When desire becomes greed

Published August 4, 2019, 12:10 AM

by Charissa Luci-Atienza & Bernie Cahiles-Magkilat



Fr. Rolando V. Dela Rosa, O.P.
Fr. Rolando V. Dela Rosa, O.P.

We spend most of our life desiring something. The moment we possess what we desire, we experience pleasure. St. Thomas Aquinas writes: “No human being can live without pleasure.”  But he adds a caveat: “But a person who starves himself of higher pleasures goes scavenging for the lower ones.”

Lower pleasures give us temporary satisfaction but leave us empty and craving for more. They constrict our desire by focusing it exclusively on the fleeting satisfaction that we experience. Higher pleasures, on the other hand, expand our desire by provoking a certain psychic discontent that makes us ask: “Is this all there is to it?”

St. Augustine, after indulging in all the worldly pleasures available to himrealized that nothing in this world could fully satisfy his longing. There was always a persistent desire for fulfillment, completeness, and wholeness that money, sex, and power could not quench. Following the stoics, he turned his back on his former way of life, rejecting everything that he used to desire.  To no avail.

Desire, as an essential part of being human, is at the root of our sexual passion, work, play, friendship, prayer, art, and all other activities that bring about pleasure. St. Augustine finally realized that the best way to confront our desire is not to disown, ignore, sublimate, and even anesthetize it, but to see the discontent that it provokes as a yearning for something ultimate and transcendent. He writes: “Our hearts are restless until they rest in God.” Indeed, every desire is, in some sense, a yearning for God.

Unfortunately, in our age that extols unfettered freedom and license to do anything, desire has mutated into greed. In the movie Wall Street,” the lead character, Gordon Gecko, says: “Greed is good! Greed is right! Greed works! Greed clarifies. Greed for life, for money, for love, and knowledge, has marked the upward surge of mankind.”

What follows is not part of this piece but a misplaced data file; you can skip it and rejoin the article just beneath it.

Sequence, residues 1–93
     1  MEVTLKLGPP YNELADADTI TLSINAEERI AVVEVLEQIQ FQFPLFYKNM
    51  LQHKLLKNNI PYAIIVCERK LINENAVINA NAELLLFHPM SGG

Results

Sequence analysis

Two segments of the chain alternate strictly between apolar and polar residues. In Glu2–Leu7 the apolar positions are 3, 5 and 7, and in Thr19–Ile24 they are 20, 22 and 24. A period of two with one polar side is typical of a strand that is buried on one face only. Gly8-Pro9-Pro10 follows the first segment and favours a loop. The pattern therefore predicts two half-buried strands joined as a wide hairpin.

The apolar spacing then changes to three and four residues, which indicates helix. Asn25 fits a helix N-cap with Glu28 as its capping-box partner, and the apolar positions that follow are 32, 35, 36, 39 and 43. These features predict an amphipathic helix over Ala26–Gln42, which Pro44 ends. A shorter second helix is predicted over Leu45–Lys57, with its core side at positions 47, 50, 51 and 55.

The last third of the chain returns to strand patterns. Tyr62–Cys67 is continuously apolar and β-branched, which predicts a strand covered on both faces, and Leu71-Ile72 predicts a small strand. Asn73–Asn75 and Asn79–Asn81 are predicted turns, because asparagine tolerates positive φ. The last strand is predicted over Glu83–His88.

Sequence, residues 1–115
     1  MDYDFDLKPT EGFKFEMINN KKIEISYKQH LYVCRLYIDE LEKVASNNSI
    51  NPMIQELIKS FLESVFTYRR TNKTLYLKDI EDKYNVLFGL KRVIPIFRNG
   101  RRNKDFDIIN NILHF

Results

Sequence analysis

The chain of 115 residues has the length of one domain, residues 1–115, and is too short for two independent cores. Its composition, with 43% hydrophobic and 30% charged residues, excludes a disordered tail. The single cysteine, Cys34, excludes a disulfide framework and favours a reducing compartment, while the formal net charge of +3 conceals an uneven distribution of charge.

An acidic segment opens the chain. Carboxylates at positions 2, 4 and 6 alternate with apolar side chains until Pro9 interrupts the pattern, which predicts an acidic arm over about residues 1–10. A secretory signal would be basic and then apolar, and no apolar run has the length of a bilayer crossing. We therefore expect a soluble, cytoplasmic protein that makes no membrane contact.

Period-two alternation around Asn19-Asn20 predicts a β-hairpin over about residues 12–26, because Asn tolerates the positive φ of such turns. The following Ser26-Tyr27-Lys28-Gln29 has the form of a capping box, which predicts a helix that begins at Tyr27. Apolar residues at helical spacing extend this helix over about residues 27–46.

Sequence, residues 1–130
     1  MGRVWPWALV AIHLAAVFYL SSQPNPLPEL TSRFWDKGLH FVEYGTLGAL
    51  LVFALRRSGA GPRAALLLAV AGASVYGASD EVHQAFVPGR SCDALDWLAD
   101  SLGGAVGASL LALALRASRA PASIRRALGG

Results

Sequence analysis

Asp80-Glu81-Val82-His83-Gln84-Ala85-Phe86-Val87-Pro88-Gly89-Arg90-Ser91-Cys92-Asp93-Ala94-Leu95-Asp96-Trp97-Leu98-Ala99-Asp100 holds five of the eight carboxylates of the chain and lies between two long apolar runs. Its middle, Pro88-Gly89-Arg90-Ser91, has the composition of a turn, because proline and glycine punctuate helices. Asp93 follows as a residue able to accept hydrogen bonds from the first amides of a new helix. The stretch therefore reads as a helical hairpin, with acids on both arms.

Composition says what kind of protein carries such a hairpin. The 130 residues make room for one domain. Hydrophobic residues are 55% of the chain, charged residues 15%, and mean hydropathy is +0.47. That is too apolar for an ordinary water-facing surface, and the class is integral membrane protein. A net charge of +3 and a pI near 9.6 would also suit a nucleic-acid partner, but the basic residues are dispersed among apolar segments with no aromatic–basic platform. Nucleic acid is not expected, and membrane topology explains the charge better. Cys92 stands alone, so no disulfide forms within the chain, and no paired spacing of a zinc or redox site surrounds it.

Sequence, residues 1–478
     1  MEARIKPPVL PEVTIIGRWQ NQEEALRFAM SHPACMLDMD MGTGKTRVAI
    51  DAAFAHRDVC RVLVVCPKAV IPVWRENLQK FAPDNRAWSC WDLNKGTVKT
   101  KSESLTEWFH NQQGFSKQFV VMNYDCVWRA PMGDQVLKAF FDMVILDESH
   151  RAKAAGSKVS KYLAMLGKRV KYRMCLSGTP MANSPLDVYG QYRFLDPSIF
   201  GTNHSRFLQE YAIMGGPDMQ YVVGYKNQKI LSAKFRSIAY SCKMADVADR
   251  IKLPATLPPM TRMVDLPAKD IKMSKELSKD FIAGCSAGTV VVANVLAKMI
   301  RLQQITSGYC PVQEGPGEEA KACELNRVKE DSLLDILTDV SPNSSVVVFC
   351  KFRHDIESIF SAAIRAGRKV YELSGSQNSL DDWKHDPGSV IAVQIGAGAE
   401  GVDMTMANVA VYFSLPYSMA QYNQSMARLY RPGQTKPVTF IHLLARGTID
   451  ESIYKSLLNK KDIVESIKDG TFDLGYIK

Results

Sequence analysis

Gecko’s irrational exuberance resembles that of the man in today’s gospel. Jesus narrates it thus: “A rich man’s farm produced a big crop, and he said to himself, ‘What can I do? I don’t have a place large enough to store everything. Ah, I know what I’ll do. I’ll tear down my barns and build bigger ones, where I can store all my grain and other goods. Once I have stored up enough good things to last for years to come, I will live, eat, drink, and enjoy myself!’ But God said to him, ‘You fool! Tonight you will die. Then who will get what you have stored up?’” (Luke 12:16-20).

Greed impels us to multiply our possessions until they become grotesquely disproportionate with our needs. Jesus’ injunction is very apt and to the point here: “Take care to guard against all greed, for though one may be rich, one’s life does not consist of possessions” (Luke 12:15).

Perhaps the certainty of death is precisely what makes us greedy. What we lack in time, we make up for it by stockpiling bank accounts, property, business firms, and consumer goods. We have regarded wealth as a guarantee for immortality. We protest against the inevitability of death through the rattling of cash registers and the cacophony of haggling, buying, and selling. When we lose sight of what we truly desire, we clutch more fiercely at cheap substitutes.

Joe Heller, the author of the novel Catch-22, was once informed that what he earned in 40 years was nothing compared with what present billionaires earned in one day. He simply replied: “I have something they do not and cannot have—the knowledge that I’ve got enough.”


Knowing that we have enough is the best antidote to greed.